The push for rigorous evaluations of the impact of interventions has led to an increase in the use of randomized trials (RTs). In practice, it is often the case that interventions are delivered at the cluster level, such as a whole school reform model or a new curriculum. In these cases, the cluster (i.e., the school), is the logical unit of random assignment and I hereafter refer to these as cluster randomized trials (CRTs).

Designing a CRT is necessarily more complex than a RT for several reasons. First, there are two sample sizes, i.e., the number of students per school and the total number of schools. Second, the greater the variability in the outcome across schools, the more schools you will need to detect an effect of a given magnitude. The percentage of variance in the outcome that is between schools is commonly referred to as the intra-class correlation (ICC). For example, suppose I am testing an intervention and the outcome of interest is math achievement, there are 500 students per school, and a school level covariate explain 50 percent of the variation in the outcome. If the ICC is 0.20 and I want to detect an effect size difference of 0.2 standard deviations between the treatment and comparison conditions, 82 total schools, or 41 treatment and 41 comparison schools, would be needed to achieve statistical power equal to 0.80, the commonly accepted threshold. Instead, if the ICC is 0.05, the total number of schools would only be 24, a reduction of 54. Hence an accurate estimate of the ICC is critical in planning a CRT as it has a strong impact on the number of schools needed for a study.

The challenge is that the required sample size needs to be determined prior to the start of the study, hence I need to estimate the ICC since the actual data has not yet been collected. Recently there has been an increase in empirical studies which seek to estimate ICCs for different contexts. The findings suggest that the ICC varies depending on outcome type, unit of the clusters (i.e., schools, classrooms, etc.), grade and other features.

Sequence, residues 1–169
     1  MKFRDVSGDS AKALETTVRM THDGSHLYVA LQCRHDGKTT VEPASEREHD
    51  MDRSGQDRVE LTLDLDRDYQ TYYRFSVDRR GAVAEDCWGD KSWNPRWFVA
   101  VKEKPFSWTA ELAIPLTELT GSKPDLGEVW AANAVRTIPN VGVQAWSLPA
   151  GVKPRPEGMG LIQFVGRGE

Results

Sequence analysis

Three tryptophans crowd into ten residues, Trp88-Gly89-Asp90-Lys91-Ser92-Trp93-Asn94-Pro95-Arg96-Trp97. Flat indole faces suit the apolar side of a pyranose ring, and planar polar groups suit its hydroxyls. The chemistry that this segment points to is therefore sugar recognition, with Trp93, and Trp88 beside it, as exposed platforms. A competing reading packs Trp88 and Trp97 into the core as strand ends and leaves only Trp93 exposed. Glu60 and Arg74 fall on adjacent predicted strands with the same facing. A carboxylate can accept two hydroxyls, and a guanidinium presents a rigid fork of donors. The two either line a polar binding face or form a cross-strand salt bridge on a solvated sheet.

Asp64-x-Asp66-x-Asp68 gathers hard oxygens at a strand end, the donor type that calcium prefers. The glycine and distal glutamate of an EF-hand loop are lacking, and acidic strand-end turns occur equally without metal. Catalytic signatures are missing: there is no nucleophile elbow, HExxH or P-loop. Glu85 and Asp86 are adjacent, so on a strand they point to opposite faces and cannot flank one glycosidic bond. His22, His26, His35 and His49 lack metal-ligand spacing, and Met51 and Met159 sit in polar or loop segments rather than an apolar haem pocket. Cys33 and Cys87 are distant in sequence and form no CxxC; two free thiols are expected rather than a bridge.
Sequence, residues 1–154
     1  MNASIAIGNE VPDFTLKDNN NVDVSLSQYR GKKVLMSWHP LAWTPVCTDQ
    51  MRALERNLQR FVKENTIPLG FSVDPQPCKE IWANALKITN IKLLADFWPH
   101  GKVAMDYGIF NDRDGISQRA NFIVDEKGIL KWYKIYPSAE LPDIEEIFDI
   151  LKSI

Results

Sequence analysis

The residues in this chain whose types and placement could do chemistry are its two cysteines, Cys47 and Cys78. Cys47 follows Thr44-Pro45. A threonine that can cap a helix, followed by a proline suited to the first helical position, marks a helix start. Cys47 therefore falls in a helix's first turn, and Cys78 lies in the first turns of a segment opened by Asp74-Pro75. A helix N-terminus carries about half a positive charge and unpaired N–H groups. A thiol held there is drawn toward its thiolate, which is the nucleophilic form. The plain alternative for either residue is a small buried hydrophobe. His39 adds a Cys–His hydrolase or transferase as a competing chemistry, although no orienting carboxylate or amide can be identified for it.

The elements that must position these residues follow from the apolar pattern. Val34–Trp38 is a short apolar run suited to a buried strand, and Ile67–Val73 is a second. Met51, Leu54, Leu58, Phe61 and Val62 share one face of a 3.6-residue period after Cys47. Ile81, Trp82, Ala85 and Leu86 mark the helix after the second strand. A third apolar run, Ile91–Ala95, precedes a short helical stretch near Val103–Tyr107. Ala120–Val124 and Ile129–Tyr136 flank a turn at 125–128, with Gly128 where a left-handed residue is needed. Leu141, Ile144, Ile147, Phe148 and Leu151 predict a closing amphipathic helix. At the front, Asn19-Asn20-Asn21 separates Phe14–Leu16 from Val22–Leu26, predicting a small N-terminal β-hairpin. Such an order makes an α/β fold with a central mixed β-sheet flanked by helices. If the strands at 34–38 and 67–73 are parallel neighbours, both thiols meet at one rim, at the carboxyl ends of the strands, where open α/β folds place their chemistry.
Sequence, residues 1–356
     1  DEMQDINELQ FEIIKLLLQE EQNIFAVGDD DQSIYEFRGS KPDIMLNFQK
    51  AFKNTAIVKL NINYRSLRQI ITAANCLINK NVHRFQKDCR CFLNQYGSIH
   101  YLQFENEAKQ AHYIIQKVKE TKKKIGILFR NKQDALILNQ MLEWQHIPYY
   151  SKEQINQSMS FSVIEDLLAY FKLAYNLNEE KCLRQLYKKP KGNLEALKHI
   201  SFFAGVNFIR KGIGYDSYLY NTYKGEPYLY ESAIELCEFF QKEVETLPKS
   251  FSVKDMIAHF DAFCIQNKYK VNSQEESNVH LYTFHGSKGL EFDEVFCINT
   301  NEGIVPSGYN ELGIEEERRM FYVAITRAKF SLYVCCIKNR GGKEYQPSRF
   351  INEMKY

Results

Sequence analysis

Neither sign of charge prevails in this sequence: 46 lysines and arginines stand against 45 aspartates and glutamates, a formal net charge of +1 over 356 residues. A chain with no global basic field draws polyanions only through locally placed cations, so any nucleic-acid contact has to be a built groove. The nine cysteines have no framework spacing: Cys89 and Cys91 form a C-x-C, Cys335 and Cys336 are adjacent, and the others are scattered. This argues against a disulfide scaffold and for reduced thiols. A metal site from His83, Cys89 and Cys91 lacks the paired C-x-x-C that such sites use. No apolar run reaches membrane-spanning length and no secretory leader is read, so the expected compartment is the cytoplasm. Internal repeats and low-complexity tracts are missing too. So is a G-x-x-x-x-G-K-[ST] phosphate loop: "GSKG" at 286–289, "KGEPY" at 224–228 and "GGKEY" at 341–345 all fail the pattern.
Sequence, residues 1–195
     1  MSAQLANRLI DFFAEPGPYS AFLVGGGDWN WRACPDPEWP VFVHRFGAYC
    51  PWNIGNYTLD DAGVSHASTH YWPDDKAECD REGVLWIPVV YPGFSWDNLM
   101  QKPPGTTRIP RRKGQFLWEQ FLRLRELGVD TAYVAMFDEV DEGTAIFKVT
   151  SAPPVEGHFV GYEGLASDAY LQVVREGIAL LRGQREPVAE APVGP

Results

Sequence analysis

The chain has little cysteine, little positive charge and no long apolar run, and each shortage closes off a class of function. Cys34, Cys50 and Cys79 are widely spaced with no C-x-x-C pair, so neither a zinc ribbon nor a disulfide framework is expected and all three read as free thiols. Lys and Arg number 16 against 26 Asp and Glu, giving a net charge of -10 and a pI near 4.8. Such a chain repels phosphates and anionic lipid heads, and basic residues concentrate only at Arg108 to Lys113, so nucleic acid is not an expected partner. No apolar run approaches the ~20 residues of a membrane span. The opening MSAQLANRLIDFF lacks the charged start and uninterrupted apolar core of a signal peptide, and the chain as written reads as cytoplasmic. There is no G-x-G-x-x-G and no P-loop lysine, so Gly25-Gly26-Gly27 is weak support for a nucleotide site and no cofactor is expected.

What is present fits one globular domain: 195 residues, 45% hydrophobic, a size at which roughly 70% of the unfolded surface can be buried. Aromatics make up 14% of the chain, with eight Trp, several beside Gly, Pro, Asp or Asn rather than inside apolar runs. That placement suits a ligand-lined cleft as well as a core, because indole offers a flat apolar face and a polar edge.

Resources:
Resources have started popping up to help evaluators planning CRTs find accurate estimates of the ICC. Two widely used in education include:

1. The Online Variance Almanac: http://stateva.ci.northwestern.edu/
2. The Optimal Design Plus Software: http://wtgrantfoundation.org/resource/optimal-design-with-empirical-information-od*

*Note that Optimal Design Plus is a free program that calculates power for CRTs. Embedded within the program is a data repository with ICC estimates.

In the event that empirical estimates are not available for your particular outcome type a search of the relevant literature may uncover estimates or a pilot study may be used to generate reasonable values. Regardless of the source, accurate estimates of the ICC are critical in determining the number of clusters needed in a CRT.

Jessaca Spybrook

Associate Professor, Education, Leadership, Research, and Technology, WMU

Dr. Jessaca Spybrook is an associate professor of educational leadership, research, and technology at Western Michigan University, specializing in evaluation, measurement and research. She earned her Ph.D. in education from the University of Michigan, where she also received an M.A. in applied statistics and B.A. in elementary education. She teaches, among other courses, Data Analytics I and II and hierarchical linear modeling. Her research focuses on improving the quality of the designs and power analyses of group randomized trials in education. She coauthored the software and documentation for Optimal Design Plus, a program that assists researchers in planning adequately powered experiments. She has published in journals such as Educational Evaluation and Policy Analysis, Journal for Research on Educational Effectiveness, and Evaluation Review. Spybrook's work has been funded by the National Science Foundation, the Institute of Education Sciences, and the William T. Grant Foundation. She received a National Academy of Education/Spencer Postdoctoral Fellowship in 2010. Prior to attending graduate school she was a seventh grade math teacher.

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